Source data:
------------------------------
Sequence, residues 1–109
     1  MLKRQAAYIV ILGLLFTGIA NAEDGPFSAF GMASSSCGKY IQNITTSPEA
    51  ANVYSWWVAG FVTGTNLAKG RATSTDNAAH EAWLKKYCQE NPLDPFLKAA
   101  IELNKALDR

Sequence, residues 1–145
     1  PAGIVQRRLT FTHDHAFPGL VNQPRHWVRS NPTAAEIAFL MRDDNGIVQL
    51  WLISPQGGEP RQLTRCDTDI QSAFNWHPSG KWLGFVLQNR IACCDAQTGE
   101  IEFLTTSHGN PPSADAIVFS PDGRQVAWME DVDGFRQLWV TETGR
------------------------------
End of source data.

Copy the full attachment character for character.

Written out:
Sequence, residues 1–109
     1  MLKRQAAYIV ILGLLFTGIA NAEDGPFSAF GMASSSCGKY IQNITTSPEA
    51  ANVYSWWVAG FVTGTNLAKG RATSTDNAAH EAWLKKYCQE NPLDPFLKAA
   101  IELNKALDR

Sequence, residues 1–145
     1  PAGIVQRRLT FTHDHAFPGL VNQPRHWVRS NPTAAEIAFL MRDDNGIVQL
    51  WLISPQGGEP RQLTRCDTDI QSAFNWHPSG KWLGFVLQNR IACCDAQTGE
   101  IEFLTTSHGN PPSADAIVFS PDGRQVAWME DVDGFRQLWV TETGR